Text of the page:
You could hear it everywhere around Tokyo Game Show; people were talking about Sega’s NiGHTS: Journey of Dreams. “Did you see NiGHTS? What did you think of NiGHTS?” Attendees were all talking about how the Sega Saturn game about flying through your dreams made its transition to the Nintendo Wii. Even on the first two business-only days, lines at the NiGHTS demo stations were long, and it seemed like everyone we spoke with had something to say about it. We had a chance to play through an entire level and boss battle, and much like the others, we have a few things to say about NiGHTS.
Sega’s initial go around with NiGHTS brought their first analog controller to market, and many have wondered how the control scheme would make the transition to Wii. We were surprised to see that not much has changed. The Wii Nunchuck’s analog stick controls movement much like the Saturn analog controller did, and the Wii Remote’s “A” button covers “dash”. The only real change we noticed was that the aerial acrobatics that were mapped to the Saturn’s L and R trigger buttons are now assigned to Wii Remote movements. Much like the first game, trial and error with Wii Remote movements produced varied in-flight tricks, and the pairing of gestures to tricks worked surprisingly well.
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That being said, the control lacks the tightness and fluidity that the first NiGHTS had, and many other gaming press and industry members we spoke with agreed. While the Saturn NiGHTS control was almost instantly accessible, the Wii NiGHTS seemed to have a bit of a learning curve, and it seems like it has something to do with the analog control. The degree of movement seems more constrained, and NiGHTS seems to be a bit less capable than before. After some time with the game, the control begins to set in, but the Wii version lacks that ease that made movement seem like flight. That’s a real shame, seeing as how the game is about flying.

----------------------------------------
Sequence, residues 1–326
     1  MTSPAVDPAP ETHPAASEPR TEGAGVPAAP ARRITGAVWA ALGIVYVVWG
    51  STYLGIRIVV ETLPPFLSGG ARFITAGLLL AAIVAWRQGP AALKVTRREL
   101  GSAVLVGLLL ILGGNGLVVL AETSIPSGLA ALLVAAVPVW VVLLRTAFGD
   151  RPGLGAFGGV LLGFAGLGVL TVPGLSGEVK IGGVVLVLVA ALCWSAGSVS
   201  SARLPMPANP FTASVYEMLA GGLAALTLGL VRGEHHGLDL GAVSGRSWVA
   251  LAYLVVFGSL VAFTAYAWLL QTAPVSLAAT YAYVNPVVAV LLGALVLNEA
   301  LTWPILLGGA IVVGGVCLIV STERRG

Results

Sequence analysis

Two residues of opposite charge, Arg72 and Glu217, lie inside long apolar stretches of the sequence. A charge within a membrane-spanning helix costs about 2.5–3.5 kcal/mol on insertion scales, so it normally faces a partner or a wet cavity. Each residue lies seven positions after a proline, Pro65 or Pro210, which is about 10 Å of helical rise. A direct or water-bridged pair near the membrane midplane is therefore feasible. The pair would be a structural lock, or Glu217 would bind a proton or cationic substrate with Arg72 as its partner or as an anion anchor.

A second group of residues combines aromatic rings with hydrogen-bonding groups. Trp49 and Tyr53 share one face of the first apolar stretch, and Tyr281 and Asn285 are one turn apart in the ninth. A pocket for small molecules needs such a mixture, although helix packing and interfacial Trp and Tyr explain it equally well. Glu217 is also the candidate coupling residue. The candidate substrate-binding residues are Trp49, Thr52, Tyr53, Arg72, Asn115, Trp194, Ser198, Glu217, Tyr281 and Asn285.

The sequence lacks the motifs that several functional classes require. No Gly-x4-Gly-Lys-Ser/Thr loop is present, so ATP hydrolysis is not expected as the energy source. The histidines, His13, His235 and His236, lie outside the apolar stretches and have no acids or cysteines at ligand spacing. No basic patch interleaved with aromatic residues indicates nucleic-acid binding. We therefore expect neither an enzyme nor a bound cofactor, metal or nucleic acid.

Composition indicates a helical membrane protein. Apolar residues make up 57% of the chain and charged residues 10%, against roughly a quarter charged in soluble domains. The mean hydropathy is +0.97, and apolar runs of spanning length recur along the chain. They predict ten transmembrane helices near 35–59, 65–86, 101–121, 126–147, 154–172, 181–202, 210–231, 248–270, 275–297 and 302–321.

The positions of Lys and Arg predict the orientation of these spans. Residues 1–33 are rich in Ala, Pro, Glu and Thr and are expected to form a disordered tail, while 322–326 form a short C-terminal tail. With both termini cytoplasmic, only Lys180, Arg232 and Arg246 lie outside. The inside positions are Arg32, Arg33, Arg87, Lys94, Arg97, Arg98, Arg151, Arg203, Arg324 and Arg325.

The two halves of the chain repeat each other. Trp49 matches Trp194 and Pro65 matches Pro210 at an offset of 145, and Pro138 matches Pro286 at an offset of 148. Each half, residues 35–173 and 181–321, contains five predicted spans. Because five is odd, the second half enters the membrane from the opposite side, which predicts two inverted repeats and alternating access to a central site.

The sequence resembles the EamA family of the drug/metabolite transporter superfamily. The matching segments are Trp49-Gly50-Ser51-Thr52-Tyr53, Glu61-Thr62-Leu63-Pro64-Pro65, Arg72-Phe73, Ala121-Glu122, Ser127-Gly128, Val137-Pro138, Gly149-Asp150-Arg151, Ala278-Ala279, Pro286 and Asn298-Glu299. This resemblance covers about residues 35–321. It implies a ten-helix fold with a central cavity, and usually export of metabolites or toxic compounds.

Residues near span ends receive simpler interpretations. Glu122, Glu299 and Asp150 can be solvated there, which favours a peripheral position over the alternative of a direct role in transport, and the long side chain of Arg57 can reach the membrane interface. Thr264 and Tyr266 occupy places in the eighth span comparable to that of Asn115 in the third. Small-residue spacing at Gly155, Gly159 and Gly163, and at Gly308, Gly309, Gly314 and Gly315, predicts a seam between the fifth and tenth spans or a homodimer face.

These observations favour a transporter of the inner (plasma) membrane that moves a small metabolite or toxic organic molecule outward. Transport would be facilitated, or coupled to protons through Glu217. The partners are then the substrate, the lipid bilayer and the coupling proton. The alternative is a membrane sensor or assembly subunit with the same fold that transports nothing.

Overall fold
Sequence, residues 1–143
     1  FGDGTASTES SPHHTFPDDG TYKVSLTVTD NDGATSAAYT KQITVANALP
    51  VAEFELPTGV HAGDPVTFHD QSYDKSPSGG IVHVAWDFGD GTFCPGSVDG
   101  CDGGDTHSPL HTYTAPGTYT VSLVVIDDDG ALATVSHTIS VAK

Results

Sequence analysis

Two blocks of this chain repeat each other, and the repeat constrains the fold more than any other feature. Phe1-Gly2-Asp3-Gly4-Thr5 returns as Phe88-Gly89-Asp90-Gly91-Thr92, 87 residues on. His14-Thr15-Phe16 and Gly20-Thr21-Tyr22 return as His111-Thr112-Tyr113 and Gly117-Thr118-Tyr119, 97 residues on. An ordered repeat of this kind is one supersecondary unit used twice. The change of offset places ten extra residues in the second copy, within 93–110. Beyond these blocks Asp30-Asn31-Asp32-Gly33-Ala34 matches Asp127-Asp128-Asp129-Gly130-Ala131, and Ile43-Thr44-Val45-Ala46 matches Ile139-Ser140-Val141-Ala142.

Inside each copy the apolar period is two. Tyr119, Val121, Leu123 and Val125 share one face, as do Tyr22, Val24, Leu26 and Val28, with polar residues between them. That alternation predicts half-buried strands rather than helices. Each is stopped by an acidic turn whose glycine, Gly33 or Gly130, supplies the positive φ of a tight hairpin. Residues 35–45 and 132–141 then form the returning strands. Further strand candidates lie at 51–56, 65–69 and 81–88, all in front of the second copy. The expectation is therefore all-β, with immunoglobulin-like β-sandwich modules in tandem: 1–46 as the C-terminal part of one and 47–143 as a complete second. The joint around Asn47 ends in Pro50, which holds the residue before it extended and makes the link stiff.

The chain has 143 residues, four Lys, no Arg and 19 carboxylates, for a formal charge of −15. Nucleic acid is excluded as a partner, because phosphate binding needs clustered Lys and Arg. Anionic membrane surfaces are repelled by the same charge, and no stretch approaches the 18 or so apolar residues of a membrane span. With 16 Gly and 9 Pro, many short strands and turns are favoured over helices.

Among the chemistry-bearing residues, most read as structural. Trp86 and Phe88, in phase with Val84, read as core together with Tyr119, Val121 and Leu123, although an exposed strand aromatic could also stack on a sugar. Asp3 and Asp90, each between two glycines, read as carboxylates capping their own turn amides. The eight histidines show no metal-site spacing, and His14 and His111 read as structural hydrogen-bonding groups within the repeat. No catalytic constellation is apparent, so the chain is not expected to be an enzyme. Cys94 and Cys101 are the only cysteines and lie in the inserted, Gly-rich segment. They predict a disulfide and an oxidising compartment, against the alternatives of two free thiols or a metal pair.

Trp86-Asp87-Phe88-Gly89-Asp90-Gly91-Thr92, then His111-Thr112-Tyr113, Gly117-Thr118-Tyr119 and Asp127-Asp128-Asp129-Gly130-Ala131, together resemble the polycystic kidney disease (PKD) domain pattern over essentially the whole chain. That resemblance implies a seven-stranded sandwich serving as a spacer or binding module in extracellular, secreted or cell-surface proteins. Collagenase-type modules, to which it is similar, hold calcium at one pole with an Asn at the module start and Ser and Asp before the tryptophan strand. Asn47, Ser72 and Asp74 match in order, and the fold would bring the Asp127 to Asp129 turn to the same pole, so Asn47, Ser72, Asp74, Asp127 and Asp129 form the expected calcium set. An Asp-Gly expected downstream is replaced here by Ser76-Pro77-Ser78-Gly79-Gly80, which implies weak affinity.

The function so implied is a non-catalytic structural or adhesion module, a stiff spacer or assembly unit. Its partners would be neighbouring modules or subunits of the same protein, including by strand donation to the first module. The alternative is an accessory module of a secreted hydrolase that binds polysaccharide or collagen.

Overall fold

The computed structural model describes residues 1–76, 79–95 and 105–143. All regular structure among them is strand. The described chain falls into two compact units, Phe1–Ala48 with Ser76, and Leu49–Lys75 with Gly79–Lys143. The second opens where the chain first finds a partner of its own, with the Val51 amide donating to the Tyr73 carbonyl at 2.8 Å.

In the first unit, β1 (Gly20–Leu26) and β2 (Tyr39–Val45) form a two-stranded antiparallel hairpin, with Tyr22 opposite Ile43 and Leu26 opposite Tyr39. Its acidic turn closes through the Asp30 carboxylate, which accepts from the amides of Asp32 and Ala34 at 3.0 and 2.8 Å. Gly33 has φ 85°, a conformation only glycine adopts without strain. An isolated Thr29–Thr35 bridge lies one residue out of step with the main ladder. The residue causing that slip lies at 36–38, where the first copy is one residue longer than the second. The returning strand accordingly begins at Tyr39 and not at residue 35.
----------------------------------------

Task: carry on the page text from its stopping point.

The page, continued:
After selecting a character, one of two siblings are dropped into the dream world, where they will eventually transform into NiGHTS and take flight. The gameplay has changed very little since the original version. Players guide NiGHTS over obstacles, around enemies, and through series of rings, all the while collecting enough orbs to progress to the next stage. Other than a few new tricks, the basic premise is still the same, and players will find themselves flying through circular courses to meet stage requirements, eventually moving onto a boss battle.
After moving through three courses that were very similar to the original NiGHTS’ first level, I encountered a floating balloon-like boss that was also very similar to one of the original game’s bosses. And again, like the levels leading up to it, the strategy to defeat this boss was very similar to the first game. I flew around to throw the floating boss into walls, eventually taking her down.
While the levels and enemies were very similar to those of the first game, everything looks better in the Wii version. We were relieved, as some of the game footage we’ve come across didn’t seem like much of an improvement. We’re glad to say that the levels are full and lush, and have much more visual depth than the original — this is a great looking Wii game.
From what we saw, this Wii version of NiGHTS seems like an upgrade, though that’s not necessarily a bad thing. The later levels we saw (but did not play through) did seem a bit more advanced and challenging, but for us to play through levels and a boss so similar to the first game was a bit underwhelming. The good thing is that we’ve been asking for a new NiGHTS, and Sega delivered. We’re hoping that more time spent with NiGHTS: Journey of Dreams will reveal something a bit deeper and challenging.